Darfur crimes could go to international court

LONDON – Amid renewed violence in the troubled Sudanese region of Darfur, the UN has warned of possible war crimes prosecutions. UN Secretary General Kofi Annan has called for an end to attacks, and for those responsible to be tried. The UN Security Council has ruled that the International Criminal Court can prosecute human rights violations in Darfur.

In one recent incident, pro-government Arab militias at a refugee camp reportedly killed 34 people. According to the BBC, the attackers are believed to be Janjaweed Arab militiamen, described as criminals by the Sudanese government. The government called it the first direct assault on a refugee camp since the conflict began more than two years ago.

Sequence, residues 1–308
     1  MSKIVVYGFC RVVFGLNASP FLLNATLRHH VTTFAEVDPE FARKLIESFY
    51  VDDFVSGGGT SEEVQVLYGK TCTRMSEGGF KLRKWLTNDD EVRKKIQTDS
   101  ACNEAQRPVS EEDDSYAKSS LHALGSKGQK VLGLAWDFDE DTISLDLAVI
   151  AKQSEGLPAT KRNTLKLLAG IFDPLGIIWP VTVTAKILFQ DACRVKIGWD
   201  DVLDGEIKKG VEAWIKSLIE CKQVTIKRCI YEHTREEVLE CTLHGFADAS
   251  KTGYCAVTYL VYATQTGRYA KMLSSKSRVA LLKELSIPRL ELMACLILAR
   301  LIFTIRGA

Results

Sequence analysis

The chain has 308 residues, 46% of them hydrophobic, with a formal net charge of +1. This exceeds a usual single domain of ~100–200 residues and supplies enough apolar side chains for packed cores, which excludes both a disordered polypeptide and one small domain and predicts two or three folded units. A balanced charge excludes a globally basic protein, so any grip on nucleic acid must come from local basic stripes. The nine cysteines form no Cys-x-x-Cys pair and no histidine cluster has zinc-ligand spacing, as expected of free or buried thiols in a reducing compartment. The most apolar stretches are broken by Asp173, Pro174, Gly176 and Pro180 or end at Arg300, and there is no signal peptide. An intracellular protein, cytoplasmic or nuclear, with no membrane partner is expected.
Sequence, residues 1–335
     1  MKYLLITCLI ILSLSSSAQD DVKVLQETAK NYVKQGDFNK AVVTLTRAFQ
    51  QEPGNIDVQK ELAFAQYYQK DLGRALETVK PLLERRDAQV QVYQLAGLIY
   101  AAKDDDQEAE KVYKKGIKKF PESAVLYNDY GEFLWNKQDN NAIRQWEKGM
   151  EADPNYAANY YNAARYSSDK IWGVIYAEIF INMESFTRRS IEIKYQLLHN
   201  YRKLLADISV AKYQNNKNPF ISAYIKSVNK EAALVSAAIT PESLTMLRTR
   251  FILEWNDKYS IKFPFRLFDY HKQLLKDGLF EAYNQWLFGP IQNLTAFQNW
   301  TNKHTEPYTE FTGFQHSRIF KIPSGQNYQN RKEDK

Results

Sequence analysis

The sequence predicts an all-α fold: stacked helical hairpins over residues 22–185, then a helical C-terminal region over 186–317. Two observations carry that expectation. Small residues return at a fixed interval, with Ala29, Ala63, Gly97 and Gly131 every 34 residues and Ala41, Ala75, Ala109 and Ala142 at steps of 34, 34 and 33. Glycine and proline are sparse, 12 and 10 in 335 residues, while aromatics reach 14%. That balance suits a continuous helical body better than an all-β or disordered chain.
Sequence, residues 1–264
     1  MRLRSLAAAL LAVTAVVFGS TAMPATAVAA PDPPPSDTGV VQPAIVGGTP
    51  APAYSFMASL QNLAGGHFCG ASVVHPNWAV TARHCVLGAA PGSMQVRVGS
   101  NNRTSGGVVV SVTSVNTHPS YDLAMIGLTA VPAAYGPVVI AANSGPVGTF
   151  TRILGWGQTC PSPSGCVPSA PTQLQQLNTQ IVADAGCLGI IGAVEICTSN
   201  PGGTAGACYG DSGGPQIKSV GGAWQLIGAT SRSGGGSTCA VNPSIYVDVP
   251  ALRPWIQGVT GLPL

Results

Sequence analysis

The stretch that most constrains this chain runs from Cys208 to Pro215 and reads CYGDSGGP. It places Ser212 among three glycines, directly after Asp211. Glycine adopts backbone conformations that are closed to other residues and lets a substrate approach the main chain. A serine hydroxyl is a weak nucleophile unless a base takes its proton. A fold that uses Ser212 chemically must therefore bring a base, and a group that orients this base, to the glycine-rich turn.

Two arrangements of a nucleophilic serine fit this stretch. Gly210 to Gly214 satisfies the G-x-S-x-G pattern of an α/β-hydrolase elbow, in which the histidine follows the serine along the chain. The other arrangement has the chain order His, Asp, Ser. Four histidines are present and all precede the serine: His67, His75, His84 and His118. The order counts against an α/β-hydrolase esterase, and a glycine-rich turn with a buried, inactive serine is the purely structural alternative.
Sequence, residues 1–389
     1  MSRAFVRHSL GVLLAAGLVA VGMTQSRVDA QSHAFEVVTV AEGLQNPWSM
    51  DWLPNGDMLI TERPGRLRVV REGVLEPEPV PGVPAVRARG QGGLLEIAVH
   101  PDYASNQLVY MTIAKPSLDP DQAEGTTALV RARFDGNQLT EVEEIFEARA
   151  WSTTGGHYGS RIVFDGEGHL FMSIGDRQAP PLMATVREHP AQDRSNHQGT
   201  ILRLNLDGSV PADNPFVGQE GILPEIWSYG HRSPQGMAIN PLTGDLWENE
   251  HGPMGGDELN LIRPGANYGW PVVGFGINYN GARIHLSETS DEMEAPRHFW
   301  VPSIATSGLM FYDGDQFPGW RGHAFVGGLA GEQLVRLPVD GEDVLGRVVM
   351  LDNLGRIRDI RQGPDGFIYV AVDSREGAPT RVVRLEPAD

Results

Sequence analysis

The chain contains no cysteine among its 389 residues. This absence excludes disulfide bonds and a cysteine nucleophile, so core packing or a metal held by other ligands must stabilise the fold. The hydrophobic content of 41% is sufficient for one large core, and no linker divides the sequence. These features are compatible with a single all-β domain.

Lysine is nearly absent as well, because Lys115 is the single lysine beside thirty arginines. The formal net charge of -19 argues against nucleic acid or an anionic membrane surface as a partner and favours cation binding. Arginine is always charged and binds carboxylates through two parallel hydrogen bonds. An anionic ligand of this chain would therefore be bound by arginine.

Annan condemned "the attacks of civilians, humanitarian workers and assets and the African Union mission in Sudan."

UN envoy to Sudan Jon Friday added, "The names of the individuals responsible for the attack, when known, will be reported to the Security Council … as well as to the prosecutor of the International Criminal Court."

More than 2 million people have been forced from their homes and at least 180,000 have died in the conflict between the government and Darfur rebels. The conflict began in early 2003, after a rebel group began attacking government targets, claiming that the region was being neglected by Khartoum.